In this day and age, the stars are seen as little more than pretty lights in the night sky. Perhaps that’s because there’s not a lot of mystery to them. We know what they are, where they are, and how they work.
In ages past, though, the stars were full of mystery. To bring a little order to the mysterious night sky, many cultures created stories about the stars that related them to objects and events on Earth, to the gods — or both.
An example is the story of two small constellations that sail across the southern sky on spring evenings: Corvus, the crow, and the adjacent Crater, the cup.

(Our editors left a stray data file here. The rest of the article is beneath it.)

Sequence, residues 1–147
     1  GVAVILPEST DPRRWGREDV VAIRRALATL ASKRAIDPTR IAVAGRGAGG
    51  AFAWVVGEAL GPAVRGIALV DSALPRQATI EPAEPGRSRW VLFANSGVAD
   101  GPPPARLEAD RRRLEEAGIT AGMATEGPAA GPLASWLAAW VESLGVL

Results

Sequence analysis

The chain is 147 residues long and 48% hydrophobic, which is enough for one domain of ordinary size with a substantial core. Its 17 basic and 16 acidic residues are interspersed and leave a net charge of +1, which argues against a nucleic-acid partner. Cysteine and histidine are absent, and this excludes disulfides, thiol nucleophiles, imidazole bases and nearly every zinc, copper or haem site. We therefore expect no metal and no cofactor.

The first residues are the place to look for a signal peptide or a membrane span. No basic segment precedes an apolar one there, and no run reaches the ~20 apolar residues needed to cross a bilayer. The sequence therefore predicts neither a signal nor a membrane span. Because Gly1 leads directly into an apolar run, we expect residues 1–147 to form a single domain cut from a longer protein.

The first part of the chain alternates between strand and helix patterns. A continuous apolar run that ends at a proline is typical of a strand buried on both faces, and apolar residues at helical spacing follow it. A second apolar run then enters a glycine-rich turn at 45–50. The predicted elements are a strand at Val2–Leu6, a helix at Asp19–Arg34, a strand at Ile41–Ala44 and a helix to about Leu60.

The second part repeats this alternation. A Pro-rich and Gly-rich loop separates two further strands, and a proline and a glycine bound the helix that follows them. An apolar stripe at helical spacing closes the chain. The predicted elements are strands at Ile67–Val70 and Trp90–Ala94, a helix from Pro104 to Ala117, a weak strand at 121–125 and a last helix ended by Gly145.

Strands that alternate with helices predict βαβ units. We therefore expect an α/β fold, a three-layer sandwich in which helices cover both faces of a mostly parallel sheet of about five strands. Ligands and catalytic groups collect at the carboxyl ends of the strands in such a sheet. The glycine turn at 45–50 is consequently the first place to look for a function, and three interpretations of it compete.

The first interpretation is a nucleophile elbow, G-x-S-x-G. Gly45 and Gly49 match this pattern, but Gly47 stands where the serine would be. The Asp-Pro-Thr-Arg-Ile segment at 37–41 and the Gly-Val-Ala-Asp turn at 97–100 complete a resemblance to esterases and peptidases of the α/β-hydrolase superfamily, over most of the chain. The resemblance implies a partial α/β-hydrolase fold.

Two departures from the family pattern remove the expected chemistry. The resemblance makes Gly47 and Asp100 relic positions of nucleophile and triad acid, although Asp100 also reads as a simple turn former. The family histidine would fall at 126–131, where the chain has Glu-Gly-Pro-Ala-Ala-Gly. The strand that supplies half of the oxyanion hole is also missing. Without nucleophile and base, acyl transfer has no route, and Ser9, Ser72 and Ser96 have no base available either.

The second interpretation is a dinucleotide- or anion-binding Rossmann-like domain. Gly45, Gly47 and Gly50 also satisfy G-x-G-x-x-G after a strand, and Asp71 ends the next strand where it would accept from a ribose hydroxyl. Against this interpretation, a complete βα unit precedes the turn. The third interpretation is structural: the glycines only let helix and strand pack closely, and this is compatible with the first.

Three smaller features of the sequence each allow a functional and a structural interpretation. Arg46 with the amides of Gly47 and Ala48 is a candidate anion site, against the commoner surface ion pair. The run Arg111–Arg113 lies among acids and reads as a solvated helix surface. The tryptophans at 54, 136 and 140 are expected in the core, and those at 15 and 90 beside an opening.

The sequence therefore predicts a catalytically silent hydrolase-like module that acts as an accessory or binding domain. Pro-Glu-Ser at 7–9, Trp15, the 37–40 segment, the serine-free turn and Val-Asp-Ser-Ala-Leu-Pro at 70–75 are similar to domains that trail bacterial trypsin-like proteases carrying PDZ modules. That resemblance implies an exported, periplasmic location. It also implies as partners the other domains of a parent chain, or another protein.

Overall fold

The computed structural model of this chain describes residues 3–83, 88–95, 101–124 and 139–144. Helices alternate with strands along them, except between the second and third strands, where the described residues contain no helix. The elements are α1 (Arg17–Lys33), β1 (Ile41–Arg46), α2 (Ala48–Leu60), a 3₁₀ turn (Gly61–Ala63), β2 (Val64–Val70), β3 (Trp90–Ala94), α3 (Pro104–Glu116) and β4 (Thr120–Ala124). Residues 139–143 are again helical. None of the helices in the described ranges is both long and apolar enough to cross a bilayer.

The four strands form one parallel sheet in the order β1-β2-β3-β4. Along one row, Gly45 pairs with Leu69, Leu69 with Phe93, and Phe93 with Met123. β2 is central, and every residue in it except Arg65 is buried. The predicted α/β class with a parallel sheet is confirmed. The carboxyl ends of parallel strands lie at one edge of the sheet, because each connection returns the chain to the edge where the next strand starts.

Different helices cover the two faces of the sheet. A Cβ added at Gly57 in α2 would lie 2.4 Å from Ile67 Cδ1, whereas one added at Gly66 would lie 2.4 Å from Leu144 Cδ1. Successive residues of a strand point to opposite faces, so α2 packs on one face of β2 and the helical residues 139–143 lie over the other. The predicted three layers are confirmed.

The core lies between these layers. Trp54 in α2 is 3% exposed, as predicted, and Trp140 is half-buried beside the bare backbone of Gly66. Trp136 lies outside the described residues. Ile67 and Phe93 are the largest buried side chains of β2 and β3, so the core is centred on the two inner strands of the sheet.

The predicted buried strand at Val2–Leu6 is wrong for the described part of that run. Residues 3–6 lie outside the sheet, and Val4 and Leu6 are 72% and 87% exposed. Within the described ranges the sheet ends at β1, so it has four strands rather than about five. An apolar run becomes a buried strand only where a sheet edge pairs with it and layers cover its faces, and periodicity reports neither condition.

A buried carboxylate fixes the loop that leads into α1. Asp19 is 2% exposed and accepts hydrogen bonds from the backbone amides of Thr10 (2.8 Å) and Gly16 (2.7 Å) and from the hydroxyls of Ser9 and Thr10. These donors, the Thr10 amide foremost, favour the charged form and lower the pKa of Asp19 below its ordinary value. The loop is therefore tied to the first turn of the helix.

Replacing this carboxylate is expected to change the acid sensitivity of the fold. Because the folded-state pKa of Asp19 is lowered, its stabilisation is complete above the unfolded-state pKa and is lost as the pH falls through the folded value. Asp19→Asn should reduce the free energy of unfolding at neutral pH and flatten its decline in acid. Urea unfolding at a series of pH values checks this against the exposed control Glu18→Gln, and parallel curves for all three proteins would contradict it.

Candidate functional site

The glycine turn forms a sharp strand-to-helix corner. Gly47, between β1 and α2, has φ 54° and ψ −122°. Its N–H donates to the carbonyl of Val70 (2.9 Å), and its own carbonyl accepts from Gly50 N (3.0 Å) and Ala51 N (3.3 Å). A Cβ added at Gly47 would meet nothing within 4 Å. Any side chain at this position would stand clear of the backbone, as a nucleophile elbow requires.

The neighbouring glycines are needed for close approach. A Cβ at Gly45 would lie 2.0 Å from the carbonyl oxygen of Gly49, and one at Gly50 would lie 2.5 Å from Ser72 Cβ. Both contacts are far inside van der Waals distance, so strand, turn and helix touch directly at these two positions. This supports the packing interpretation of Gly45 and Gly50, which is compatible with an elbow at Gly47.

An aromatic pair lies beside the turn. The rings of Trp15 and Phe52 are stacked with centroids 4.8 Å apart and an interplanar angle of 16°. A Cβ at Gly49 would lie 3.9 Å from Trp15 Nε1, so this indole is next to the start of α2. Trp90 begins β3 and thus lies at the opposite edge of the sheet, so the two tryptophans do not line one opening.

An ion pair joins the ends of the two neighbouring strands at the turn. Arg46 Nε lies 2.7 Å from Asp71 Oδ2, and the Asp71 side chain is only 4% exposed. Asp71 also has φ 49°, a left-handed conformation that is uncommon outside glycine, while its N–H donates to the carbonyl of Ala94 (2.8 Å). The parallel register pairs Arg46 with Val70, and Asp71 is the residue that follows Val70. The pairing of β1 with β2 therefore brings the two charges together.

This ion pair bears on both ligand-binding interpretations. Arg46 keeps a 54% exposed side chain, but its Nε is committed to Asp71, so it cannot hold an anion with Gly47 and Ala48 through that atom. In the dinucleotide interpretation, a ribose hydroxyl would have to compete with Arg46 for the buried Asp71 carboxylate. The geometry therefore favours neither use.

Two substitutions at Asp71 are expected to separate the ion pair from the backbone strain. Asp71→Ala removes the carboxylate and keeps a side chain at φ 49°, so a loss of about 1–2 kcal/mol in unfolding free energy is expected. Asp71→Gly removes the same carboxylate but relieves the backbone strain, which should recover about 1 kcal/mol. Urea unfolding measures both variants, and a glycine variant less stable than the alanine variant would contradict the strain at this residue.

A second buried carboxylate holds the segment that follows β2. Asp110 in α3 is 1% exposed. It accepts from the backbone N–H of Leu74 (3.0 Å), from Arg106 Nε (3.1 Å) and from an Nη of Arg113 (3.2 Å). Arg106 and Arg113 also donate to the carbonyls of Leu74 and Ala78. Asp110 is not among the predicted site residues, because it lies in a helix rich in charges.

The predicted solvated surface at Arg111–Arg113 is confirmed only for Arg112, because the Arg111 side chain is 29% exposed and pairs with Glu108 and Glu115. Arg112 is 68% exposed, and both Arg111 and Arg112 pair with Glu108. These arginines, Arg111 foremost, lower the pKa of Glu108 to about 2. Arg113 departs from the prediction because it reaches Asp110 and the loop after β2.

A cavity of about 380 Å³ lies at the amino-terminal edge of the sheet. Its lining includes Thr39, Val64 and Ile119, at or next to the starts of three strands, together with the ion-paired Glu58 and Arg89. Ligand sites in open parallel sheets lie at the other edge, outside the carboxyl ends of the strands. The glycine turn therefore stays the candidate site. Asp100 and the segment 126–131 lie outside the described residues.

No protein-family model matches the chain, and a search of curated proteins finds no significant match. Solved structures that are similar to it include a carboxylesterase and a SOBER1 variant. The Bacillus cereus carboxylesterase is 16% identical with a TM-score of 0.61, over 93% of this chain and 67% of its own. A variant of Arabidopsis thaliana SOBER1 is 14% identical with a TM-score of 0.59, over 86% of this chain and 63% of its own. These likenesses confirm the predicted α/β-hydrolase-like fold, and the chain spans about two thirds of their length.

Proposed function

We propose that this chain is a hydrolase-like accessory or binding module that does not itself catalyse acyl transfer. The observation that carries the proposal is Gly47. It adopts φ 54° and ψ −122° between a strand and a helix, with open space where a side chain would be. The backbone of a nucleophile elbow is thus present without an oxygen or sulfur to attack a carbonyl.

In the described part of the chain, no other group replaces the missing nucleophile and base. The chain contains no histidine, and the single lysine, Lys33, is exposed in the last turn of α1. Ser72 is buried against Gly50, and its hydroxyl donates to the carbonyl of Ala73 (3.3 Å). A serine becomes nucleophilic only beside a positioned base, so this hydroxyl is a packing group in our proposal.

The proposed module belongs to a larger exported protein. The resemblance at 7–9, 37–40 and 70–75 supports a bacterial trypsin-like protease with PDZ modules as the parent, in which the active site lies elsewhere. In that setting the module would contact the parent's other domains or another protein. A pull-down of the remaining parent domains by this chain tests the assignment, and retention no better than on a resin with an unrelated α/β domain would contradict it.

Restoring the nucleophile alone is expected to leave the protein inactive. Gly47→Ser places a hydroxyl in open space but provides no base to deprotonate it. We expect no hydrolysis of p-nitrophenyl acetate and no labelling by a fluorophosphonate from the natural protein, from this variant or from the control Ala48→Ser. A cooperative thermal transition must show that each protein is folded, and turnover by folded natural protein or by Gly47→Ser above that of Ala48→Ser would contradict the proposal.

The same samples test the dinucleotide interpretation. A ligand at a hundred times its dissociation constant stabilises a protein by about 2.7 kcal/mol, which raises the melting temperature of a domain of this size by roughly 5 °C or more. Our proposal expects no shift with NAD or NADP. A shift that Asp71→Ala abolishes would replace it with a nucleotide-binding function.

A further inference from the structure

The names come from ancient Greece, where the two star patterns told a story of faith, lies, and retribution.
In one version of the story, the god Apollo sent the crow out to gather water in a cup. But the crow dawdled in his task, angering the god. When the crow finally returned, he added to his troubles by lying. So Apollo exiled the bird to the stars, and placed the golden cup beside him as a reminder of his wrongdoing.
Corvus and Crater are low in the southeast shortly after nightfall and wheel across the south later on. None of their stars is particularly impressive, so you need a fairly dark sky to see the full patterns.
Corvus is a small group of four stars that resembles a sail; in fact, ancient mariners sometimes called it a sail. Crater consists of a semicircle of stars — the cup’s bowl — and a couple of stars below it that form the base.
Script by Damond Benningfield, Copyright 2009, 2014
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